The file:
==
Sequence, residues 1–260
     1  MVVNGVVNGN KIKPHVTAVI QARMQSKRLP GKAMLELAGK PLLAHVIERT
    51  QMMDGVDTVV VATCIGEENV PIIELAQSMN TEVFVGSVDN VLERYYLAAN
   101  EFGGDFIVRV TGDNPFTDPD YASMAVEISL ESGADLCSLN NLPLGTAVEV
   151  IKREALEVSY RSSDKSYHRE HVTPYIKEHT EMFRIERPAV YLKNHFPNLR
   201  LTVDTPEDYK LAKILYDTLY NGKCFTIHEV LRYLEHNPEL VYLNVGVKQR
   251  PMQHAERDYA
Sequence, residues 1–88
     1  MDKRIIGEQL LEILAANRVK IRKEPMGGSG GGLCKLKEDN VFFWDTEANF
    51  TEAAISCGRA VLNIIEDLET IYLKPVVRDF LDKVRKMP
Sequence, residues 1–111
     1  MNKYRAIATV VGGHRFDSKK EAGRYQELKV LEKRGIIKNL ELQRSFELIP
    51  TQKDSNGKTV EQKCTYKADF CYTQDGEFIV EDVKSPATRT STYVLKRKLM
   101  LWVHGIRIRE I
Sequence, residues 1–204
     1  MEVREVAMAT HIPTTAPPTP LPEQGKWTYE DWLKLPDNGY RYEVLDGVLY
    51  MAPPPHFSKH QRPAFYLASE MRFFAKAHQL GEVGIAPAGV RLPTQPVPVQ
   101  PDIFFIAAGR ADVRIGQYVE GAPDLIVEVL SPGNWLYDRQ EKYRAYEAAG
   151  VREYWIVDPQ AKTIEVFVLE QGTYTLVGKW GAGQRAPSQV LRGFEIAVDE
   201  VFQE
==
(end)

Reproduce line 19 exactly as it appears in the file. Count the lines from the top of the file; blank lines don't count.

   151  VREYWIVDPQ AKTIEVFVLE QGTYTLVGKW GAGQRAPSQV LRGFEIAVDE